Put a larger focus on the SG stats this week and less on the counting stats.

The Strokes Gained stats to focus on in order (not including Tee to Green):

  • Approach
  • Off-the-Tee
  • Putting
  • Around the Green

Counting stats to focus on in order:

  • Approach Shots: 175+ Yards
  • Birdie or Better %
  • Driving Distance
  • Par-5 Scoring
  • Bogey Avoidance

The Golfers

Jon Rahm ($11800): How hard is it to pass up on Jon Rahm after last week? Too hard for this writer. Last year’s F.I.O. winner is cruising after beating Andrew Landry in a playoff at CareerBuilder, where Rahm gained 1.153 strokes off the tee and 0.964 strokes on approach, a microcosm of his game as a whole. Looking at last year’s statistics and Rahm’s almost-historic jump to #2 in the world paints a picture of a golfer that’s clicking in every facet from tee to green:

  • 2nd SG:OTT
  • 17th SG:Approach
  • 3rd SG: Tee to Green
  • -50 relative to par outside 175 yards
  • 5th in Driving Distance (all drives)

Given the form, statistical merit, and how Rahm decimated Torrey Pines last year – including dropping a long eagle putt on 18 to finish his day – it’s worth paying up for the most expensive golfer in the field yet again.

Alternate top-tier option:

Tony Finau ($8700): Finau grades out very well for Farmers, with his long game obviously a great fit on both courses. From a course history perspective, Finau’s got three finishes of T24, T18, T4 from 2015-17 (in that order), and enters the week off five straight made cuts in the 2018 season – with a 2nd at the Safeway and more recently a T32 at the Sony Open. In 2017, he gained the 4th-most strokes off the tee (0.826) and the 35th most on approach (0.390) while dominating with the long irons: a combined -82 relative to par from outside 175 yards.


Emiliano Grillo ($7000) – Emiliano Grillo isn’t the longest off the tee, with an average driving distance of only 293.3 (91st), but he consistently finds fairways (65.44%, 39th) which helped him gain the 38th-most strokes off the tee last season. He’s carried that through into this year, currently ranked 9th in SG:OTT through his five straight made cuts. His best finish through the fall came at Mayakoba where he grabbed a T9, but he made the cut at the Sony and picked up a T33 finish at the Farmers last year after missing the cut in 2016. The difference between Grillo’s ’16 and ’17 was a blow-up round (77) on the North course, so it’s a strong possibility that the course changes worked out in his favour.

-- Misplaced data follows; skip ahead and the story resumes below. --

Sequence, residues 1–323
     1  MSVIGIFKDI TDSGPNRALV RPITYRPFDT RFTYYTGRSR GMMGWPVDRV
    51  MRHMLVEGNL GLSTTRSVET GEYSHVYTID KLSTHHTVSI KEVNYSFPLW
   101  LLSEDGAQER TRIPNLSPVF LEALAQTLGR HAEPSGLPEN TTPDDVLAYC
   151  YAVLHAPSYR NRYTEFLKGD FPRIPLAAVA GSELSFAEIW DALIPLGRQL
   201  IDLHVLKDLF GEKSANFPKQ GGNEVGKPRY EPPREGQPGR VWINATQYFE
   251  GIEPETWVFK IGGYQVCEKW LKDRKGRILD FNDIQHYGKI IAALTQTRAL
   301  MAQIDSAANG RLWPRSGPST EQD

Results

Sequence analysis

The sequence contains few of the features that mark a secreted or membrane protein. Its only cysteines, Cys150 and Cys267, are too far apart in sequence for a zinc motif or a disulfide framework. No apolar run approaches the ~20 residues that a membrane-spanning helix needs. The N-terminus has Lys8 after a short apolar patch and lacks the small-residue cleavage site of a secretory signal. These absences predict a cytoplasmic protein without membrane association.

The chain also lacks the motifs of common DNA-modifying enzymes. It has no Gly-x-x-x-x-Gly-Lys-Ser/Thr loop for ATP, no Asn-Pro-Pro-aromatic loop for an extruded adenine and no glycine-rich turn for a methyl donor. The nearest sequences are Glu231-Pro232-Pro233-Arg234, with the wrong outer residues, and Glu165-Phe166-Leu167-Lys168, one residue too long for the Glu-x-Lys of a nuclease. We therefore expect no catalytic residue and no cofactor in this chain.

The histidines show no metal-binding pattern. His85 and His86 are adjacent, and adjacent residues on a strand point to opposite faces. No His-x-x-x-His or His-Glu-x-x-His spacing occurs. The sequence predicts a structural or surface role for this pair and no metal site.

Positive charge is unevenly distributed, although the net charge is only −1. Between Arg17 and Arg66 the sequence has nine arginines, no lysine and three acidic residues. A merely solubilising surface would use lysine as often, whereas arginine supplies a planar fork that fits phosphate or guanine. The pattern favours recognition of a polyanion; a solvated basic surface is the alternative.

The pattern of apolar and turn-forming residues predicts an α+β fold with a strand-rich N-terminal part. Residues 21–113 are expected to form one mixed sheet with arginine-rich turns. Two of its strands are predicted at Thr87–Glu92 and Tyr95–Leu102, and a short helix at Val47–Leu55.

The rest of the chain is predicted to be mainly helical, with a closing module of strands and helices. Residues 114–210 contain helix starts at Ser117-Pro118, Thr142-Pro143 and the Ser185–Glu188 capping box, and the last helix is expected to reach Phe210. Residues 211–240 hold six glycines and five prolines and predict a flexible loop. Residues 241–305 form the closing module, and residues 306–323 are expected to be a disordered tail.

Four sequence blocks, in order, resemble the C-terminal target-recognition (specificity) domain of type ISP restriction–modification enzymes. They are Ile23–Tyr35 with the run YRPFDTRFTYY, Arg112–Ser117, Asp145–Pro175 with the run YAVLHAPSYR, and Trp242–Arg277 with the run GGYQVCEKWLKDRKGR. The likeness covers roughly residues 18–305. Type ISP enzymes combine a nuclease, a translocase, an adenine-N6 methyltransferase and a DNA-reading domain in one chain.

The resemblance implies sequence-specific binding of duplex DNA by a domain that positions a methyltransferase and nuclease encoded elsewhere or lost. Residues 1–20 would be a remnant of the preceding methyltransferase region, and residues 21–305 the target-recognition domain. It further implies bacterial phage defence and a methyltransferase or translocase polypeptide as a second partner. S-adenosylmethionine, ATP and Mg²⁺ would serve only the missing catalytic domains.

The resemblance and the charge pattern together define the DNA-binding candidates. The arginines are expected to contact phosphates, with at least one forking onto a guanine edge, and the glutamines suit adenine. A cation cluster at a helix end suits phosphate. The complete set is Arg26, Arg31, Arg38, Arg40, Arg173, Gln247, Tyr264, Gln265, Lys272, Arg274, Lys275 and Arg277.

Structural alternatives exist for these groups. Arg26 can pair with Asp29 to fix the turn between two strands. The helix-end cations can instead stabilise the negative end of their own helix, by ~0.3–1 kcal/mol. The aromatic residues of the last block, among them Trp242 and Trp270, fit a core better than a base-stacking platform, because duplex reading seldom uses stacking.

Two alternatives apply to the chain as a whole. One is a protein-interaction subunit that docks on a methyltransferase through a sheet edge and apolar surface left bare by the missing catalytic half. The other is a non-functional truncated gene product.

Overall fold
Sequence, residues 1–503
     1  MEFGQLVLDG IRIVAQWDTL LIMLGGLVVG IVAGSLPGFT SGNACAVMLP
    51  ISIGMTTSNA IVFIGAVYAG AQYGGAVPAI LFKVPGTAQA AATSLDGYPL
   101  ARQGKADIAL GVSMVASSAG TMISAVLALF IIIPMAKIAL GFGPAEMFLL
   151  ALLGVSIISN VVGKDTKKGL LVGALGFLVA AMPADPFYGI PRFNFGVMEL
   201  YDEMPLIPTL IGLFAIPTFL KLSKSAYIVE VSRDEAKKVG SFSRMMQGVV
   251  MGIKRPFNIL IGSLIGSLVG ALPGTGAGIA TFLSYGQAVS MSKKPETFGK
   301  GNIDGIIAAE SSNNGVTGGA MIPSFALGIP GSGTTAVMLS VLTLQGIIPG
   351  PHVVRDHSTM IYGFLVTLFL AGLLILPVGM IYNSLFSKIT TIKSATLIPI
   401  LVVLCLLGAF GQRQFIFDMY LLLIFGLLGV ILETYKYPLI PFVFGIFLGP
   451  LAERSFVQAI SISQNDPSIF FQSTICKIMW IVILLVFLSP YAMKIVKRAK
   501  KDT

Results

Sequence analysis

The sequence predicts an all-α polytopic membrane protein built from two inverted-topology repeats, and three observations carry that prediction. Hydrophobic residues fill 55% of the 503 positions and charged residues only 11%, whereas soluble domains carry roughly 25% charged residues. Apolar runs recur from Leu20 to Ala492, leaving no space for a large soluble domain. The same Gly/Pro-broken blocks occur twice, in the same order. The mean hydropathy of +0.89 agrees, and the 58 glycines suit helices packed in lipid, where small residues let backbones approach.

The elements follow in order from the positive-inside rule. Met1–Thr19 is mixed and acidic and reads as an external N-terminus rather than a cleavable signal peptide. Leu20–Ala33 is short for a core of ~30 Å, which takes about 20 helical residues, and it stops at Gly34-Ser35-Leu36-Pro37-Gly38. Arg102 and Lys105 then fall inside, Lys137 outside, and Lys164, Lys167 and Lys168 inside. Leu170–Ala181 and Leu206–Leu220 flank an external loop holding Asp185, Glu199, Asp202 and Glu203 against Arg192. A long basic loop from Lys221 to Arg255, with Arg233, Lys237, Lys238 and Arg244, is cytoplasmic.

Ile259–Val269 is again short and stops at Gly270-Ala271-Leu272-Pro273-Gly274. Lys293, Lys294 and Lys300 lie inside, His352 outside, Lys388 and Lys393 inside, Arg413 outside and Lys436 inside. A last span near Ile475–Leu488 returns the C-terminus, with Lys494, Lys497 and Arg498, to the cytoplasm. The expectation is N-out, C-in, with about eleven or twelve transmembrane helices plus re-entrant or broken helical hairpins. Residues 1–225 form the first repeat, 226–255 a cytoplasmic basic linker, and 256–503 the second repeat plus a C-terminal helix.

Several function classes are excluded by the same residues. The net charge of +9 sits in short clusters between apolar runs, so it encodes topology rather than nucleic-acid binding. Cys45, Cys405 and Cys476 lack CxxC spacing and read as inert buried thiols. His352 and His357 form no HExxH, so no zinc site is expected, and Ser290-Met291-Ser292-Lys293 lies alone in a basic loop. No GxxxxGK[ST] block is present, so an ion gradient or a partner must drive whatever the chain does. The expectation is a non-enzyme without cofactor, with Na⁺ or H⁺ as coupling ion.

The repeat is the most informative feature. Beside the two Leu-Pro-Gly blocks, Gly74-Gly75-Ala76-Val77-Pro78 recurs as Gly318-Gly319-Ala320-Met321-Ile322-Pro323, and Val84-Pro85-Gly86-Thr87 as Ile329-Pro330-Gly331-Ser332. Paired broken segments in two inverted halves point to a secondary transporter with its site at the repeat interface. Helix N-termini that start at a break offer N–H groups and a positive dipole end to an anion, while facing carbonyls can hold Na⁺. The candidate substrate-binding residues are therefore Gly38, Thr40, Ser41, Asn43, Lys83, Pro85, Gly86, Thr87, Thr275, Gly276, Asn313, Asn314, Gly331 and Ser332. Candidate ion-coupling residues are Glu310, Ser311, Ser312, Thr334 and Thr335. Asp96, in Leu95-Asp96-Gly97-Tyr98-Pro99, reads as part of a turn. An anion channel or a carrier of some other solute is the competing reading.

One statistic that went un-mentioned in the stats to look at is a better way of looking at driving accuracy, which is distance from the edge of the fairway. In 2017, Grillo ranked 10th in that record, sitting an average of 20’ off the rough. Grillo is also great with the long irons, ranking T19th from 175-200 and T38th from 200-225.

What to do with Tiger?

At $9700, it’s tough to stomach playing Tiger Woods on DraftKings, full stop. Although the course history is obviously immaculate, it’ll be hard to trust that he can enter the week with no form – given the T9 at the Hero came on a birdie-fest course in an 18-man field, it can be safely ignored. From an “eye test” perspective, his driving looked on point for most of the four rounds and his irons were pretty dialled in, but his play around the greens left a lot to be desired. At a Torrey Pines that has a completely different grass in the fairways/rough, Tiger will be hard-pressed to hit greens if the driving reverts anywhere close to where it was last year when he missed the cut.

That being said, DFS isn’t just about making money, it’s also one of the most fun things about sports. For one-lineup players, stay away, but for MME players, going above the field (say ~25%) won’t crush all your lineups and gets you to cheer for the GOAT with money on the line. And isn’t Tiger in Sunday Red what it’s all about?

Good luck this week! You can follow me on Twitter @adalyfrey if you have any questions, and my DMs are always open.

Fantasy Golf Insider Staff
By Fantasy Golf Insider Staff January 22, 2018 21:53